Since the first MOOC was launched at the University of Manitoba in 2008, this new form of the massification of higher education has been a rollercoaster ride for the university sector. The New York Times famously declared 2012 to be the year of the MOOC. However, by 2014, the number of academic leaders who believed the model was unsustainable doubled to more than 50%. While the MOOC hype has somewhat subsided, the attitudes and anxieties of this peak time can still be seen influencing universities and their administrations. 

This is the first volume that addresses Massive Open Online Courses from a post-MOOC perspective. We move beyond the initial hype and revolutionary promises of the peak-MOOC period and take a sober look at what endures in an area that is still rapidly growing, albeit without the headlines. This book explores the future of the MOOC in higher education by examining what went right, what went wrong and where to next for the massification of higher education and online learning and teaching. The chapters in this collection address these questions from a wide variety of different backgrounds, methodologies and regional perspectives. They explore learner experiences, the move towards course for credit, innovative design, transformations and implications of the MOOC in turn.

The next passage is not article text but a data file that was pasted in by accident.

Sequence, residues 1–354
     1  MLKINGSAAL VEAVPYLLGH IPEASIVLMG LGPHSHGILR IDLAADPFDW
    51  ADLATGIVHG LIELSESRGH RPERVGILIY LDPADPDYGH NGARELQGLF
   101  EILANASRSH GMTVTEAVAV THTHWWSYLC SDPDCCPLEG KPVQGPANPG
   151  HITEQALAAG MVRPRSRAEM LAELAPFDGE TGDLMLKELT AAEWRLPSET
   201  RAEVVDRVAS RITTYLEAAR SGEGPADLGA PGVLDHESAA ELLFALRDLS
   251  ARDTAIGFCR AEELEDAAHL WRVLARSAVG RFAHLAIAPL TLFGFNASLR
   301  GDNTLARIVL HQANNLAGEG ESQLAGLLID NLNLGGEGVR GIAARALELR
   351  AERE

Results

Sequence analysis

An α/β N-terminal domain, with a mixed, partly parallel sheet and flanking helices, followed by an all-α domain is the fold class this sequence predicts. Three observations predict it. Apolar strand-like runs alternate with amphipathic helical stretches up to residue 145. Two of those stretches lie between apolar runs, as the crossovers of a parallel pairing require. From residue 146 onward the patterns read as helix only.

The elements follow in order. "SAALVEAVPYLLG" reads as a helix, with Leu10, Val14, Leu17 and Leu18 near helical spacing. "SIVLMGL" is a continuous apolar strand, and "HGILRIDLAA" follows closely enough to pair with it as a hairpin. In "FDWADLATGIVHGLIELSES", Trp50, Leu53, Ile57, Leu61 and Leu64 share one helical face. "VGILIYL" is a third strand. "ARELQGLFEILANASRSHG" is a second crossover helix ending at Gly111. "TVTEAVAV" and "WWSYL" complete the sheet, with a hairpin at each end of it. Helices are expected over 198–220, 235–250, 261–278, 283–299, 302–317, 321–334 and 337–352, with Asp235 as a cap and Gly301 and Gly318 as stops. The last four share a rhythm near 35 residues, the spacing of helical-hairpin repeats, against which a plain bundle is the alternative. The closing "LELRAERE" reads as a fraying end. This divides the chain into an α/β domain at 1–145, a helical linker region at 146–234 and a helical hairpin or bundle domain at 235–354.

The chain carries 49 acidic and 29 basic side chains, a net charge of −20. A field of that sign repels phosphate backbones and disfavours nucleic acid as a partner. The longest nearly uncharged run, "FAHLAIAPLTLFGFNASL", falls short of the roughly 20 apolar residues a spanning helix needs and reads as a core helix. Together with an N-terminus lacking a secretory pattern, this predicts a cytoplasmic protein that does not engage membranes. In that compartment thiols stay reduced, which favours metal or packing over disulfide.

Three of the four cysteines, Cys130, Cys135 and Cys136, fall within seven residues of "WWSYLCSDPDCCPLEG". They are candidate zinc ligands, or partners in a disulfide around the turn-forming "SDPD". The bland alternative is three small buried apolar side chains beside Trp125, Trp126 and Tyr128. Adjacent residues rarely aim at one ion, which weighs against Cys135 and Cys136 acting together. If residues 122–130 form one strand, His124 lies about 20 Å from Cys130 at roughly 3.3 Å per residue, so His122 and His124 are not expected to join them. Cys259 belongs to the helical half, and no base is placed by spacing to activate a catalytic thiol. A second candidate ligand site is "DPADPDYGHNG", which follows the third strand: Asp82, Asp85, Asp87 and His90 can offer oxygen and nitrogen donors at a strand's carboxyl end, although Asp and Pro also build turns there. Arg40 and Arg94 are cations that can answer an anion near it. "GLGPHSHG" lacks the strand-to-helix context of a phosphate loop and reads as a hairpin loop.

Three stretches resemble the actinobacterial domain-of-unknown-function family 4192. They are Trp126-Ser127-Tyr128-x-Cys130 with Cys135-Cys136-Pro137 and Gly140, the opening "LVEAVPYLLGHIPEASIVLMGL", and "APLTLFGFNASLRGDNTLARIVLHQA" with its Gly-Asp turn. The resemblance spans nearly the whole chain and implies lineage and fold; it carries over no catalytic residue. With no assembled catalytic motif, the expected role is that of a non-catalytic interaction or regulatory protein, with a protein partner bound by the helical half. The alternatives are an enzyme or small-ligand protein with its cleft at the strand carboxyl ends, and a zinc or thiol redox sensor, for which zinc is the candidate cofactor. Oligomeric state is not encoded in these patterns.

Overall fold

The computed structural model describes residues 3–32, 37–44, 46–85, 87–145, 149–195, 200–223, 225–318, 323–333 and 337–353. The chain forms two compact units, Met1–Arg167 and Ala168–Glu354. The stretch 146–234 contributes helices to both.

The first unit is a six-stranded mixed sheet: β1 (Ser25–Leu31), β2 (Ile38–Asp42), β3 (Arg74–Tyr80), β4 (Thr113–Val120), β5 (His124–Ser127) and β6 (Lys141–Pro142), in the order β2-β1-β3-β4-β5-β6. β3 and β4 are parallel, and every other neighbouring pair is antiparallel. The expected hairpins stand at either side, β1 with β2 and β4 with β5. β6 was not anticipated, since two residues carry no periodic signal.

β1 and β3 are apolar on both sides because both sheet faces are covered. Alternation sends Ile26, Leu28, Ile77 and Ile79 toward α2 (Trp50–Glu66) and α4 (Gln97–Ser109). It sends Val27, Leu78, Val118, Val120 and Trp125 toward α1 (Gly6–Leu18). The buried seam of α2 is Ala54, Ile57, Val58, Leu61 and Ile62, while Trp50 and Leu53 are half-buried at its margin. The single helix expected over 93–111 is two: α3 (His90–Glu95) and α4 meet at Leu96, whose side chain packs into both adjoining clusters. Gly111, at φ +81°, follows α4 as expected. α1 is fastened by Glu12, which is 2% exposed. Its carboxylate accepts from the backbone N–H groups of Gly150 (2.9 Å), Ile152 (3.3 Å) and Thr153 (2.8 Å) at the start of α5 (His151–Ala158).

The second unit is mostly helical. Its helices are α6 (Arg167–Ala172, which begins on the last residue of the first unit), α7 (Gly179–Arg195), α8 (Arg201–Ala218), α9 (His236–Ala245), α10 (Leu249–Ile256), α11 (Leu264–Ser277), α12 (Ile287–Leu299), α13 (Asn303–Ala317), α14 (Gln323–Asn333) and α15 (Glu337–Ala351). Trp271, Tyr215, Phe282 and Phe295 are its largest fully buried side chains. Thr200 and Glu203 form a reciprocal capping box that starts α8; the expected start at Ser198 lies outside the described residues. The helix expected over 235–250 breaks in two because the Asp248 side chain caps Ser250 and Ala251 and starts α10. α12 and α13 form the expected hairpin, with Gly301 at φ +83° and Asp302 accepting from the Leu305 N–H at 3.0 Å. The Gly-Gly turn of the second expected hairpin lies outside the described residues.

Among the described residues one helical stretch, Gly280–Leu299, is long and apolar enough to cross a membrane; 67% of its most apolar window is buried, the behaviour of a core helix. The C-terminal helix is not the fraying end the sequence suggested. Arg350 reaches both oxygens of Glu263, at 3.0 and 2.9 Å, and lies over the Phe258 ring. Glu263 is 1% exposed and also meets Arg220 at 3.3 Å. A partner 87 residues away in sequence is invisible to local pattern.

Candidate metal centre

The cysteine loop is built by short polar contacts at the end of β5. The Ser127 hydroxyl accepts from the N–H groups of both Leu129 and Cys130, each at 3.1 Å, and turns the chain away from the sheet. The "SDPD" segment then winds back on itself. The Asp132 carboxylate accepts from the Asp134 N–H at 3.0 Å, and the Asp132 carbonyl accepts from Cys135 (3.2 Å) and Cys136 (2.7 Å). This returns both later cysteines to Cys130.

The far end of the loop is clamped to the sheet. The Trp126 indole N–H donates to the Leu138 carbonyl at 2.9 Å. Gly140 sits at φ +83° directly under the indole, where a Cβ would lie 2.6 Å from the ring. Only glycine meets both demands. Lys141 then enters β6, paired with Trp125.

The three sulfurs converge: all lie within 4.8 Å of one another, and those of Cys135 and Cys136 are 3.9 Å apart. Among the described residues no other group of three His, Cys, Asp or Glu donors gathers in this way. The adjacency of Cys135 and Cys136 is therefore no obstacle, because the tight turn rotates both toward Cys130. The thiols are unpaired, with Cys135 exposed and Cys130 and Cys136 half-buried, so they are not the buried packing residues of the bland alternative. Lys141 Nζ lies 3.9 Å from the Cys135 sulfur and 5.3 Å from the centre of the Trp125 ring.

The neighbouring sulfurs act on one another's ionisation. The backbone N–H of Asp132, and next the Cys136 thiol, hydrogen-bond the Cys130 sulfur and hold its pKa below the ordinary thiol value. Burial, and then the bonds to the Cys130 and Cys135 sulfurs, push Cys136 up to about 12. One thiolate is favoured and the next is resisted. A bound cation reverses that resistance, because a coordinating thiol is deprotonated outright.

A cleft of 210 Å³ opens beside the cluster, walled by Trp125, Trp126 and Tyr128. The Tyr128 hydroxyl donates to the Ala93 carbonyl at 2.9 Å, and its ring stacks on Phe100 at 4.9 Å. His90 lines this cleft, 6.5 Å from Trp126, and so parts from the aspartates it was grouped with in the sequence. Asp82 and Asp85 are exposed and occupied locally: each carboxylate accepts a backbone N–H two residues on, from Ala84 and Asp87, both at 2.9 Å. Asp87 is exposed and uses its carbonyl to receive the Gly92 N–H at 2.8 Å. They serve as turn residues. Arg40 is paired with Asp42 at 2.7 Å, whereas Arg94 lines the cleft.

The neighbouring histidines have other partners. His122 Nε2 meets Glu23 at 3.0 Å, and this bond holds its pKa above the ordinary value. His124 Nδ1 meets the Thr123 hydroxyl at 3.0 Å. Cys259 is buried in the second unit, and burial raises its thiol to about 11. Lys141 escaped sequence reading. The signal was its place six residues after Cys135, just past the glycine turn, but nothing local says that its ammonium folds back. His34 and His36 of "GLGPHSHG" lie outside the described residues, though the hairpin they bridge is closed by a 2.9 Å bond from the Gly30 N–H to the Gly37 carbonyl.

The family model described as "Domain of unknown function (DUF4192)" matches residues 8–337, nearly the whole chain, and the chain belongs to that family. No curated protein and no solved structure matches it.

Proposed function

This book is valuable reading for students and academics interested in education, eLearning, globalisation and information services.

chapter 1|8 pages

What was all that about? Peak MOOC hype and post-MOOC legacies

ByMike Kent, Rebecca Bennett

part 1|65 pages

Barriers and opportunities

chapter 2|15 pages

Any colour as long as it’s black! MOOCs, (post)-Fordism and inequality

ByRebecca Bennett, Mike Kent

chapter 3|19 pages

Envisioning post-colonial MOOCs

Critiques and ways forward
ByMaha Ayham Bali, Shyam Sharma

chapter 4|13 pages

Global footprints and localisation

The rise of MOOCs in China
ByXin Wang

chapter 5|16 pages

MOOCs for credit

Making the idea work
ByJenny Ng, Leanne McRae

part 2|60 pages

Teachers’ and students’ insights and experiences

chapter 6|15 pages


The story of ‘doing a MOOC’ or knowing ‘the beast’ from within
ByMelanie James

chapter 7|17 pages

Exploring ‘success’ in MOOCs

Participants’ perspective
ByTharindu Rekha Liyanagunawardena, Patrick Parslow, Shirley Ann Williams

chapter 8|14 pages

Learning from learners

How one MOOC’s social media engagement created new insights
BySara Moseley, Hannah Scarbrough

chapter 9|12 pages

Developing a MOOC

Factoring in disability
ByLouisa Smith, Leanne Dowse, Karen Soldatic, Mike Kent

part 3|48 pages

Where to next?

chapter 10|14 pages

Mentored open online communities (MooCs) as a third space for teaching and learning in higher education

BySue Ringler Pet, Katarina Silvestri, Stephanie Loomis, W. Ian O’Byrne, William Kist

chapter 11|17 pages

Reframing MOOCs in higher education

Exploring professional development options
ByVanessa P. Dennen, Jiyae Bong

chapter 12|15 pages

The Selfie Course

More than a MOOC
ByKath Albury, Tama Leaver, Alice Marwick, Jill Walker Rettberg, Theresa Senft